Experience shows that when people’s bloated expectations are shattered, they feel cheated and taken for idiots. When their hopes for a better life come to naught, people resort to unsustainable and often unlawful ways of maintaining themselves and their families. They believe they are entitled to part of the wealth and possessions of the rich. They develop cruel mistrust for politicians, the leadership in particular and everyone else who have what they do not have which is in itself a potential source of societal disorder.

They ultimately lose hope of ever making it in life which could lead to mass suicides. As a polite display of their frustrations, they may choose to attack or denounce foreigners as we have seen happening in Europe and in South Africa in recent times. Which is why I once suggested that ‘’it is better to expect little or nothing and live frugally on surprises. Exaggerated pledges and promised crackdown on laziness is a real aversion to the truth,” (Sunday Standard, April 13 2008).

A good opportunity, however unwelcome, has presented BDP diviners a second chance to redeem themselves, without shame, by appealing to people to lower their expectations. The global economic recession demands that we face the world and tell our people that life has become more difficult and awful.
The global recession presents BDP soothsayers with an opportunity to tell the people that the dynamics have since changed and that the world is not what Khama inherited when he became President.

It presents us with an opportunity to take stock of our dishonest convictions and perhaps start afresh, this time by more intelligently telling people to their face that Khama is not Father Christmas. The ability and willingness to tell the truth is a fundamental aspect of our existence as human beings.

And what better time than doing now before people dismiss us as architects of fantasy. When things get tougher, people who looked to President Khama as their last hope for a better life may come to suspect that Khama’s presidency is the problem and that global recession is used as a scapegoat to conceal Khama’s weaknesses. This would be a dangerous perspective that could lead to widespread protests and spontaneous demonstrations.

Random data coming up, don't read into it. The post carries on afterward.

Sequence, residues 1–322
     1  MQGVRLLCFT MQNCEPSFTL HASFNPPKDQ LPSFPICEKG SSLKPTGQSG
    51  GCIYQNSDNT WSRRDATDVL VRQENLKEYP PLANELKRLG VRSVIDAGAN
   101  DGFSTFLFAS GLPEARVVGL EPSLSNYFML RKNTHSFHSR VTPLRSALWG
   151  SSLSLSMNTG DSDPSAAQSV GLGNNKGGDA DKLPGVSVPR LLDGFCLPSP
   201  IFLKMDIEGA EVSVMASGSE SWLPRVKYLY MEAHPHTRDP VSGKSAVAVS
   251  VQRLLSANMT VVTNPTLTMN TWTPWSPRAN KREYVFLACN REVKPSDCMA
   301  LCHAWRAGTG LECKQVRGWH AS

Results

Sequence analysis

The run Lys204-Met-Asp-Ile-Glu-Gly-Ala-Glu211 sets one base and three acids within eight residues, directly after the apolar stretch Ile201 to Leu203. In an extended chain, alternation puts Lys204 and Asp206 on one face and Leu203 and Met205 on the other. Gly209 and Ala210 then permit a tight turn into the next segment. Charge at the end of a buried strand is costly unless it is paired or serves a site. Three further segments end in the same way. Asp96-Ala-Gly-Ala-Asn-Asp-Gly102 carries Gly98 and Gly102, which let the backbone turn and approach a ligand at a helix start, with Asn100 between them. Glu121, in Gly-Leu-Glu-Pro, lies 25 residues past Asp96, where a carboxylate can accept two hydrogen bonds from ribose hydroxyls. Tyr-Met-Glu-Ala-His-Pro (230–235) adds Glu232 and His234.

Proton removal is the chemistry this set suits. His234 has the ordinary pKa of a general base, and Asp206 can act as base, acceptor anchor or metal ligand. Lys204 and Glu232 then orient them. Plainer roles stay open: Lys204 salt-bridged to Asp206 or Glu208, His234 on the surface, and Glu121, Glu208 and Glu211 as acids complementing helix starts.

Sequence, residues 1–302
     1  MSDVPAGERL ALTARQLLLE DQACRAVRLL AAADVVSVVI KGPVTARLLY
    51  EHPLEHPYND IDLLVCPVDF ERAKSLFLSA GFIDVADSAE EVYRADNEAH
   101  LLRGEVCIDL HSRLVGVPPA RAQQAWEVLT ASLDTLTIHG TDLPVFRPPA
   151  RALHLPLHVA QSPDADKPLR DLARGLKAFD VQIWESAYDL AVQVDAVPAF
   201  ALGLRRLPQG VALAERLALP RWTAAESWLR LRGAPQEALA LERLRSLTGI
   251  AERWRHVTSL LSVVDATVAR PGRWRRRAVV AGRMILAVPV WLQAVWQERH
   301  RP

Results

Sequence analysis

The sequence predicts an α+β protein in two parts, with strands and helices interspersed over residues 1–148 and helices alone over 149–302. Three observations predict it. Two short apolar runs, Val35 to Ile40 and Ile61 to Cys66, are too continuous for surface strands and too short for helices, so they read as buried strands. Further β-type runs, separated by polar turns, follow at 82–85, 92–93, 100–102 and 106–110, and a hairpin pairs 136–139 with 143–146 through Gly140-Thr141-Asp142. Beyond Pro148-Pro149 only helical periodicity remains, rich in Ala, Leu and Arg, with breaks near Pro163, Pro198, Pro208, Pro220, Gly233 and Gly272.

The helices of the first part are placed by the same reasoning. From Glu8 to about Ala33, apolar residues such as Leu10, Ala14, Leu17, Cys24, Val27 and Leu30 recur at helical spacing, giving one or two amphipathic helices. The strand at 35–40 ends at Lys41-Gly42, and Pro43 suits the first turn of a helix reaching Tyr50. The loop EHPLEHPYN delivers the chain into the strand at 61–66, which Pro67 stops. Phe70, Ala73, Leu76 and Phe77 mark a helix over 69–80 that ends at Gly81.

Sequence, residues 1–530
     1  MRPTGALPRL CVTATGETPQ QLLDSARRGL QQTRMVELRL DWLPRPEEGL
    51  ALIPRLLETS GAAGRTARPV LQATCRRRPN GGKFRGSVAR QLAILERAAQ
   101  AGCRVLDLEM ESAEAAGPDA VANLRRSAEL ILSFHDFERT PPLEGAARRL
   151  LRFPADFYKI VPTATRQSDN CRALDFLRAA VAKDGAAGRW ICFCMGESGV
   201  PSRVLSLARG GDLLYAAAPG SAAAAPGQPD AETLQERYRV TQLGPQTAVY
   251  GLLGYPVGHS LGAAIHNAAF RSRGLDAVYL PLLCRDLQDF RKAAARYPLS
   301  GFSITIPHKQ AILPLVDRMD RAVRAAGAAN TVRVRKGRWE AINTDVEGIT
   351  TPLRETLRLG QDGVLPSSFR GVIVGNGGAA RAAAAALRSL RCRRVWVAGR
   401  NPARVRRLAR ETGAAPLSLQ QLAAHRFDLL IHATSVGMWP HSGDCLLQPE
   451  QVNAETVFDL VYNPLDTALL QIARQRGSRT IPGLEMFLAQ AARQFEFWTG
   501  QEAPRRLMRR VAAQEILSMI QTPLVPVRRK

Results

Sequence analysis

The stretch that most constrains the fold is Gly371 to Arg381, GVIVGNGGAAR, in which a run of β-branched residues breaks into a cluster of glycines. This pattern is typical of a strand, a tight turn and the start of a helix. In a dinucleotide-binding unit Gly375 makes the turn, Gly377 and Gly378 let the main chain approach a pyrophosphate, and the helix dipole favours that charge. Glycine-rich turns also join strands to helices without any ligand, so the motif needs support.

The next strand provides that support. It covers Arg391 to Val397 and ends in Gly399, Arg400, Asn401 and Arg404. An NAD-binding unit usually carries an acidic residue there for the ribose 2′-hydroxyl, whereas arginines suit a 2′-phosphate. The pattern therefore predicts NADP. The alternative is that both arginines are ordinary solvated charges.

President Khama’s supporters must make a retreat by way of acknowledging the heavy knocks on Botswana’s economy resulting from the global financial turmoil and by necessity plead with the people to accordingly restrain their expectations for massive prosperity which was hoped would be propelled by the magic of President Khama.

It is a fact that Botswana’s economy is experiencing an unprecedented shrink owing to the deteriorating global economic outlook. This is a challenge that demands sincerity, bravery and near methodical pursuit of truthfulness to help keep people away from the destructive path of unqualified expectations.

Semantic juggling, cynical indifference to reality and floral tribute to bankrupt ideas and disempowering social schemes is patently anomalous.
Politicians and their campaign managers should distinguish between candidly publicizing party and government programs on the one hand and flattery and over-stating the expected impacts of such interventions on the other.

All too often, poor people are given the impression that existing programs are enough to eliminate poverty on their own without the benefit of other factors. In fact messages are often over-loaded with excessive glorification and immoral rhetoric to excite and intoxicate people with an imaginary prosperous life in the future.

For instance, when it was announced that government will avail tractors to assist farmers to till their lands, there was little disclosure about the limitations of this scheme. Information about the scheme came out as if adequate tractors were already parked at the Office of the President or that they shall certainly be available in adequate quantities when the plowing season commenced. All too often, the style of publicizing relevant and targeted government programs seeks merely to enhance public perception on the ability of the government to deliver.

As a result many small farmers who have always relied on donkeys for draught power did very little to mobilize this important input, especially in terms of looking for their stray donkeys. This has caused many households great inconvenience and might exacerbate their poverty because most failed to plow due to shortage of draught power. Many small farmers are still waiting for their turn because normally tractor owners focus on so-called serious farmers first before they could assist poor households with fields whose size conjures an image of a backyard garden as they are too small to allow the tractor to meander freely.

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Sunday Standard September 27 – 3 October

Digital copy of Sunday Standard issue of September 27 - 3 October, 2020.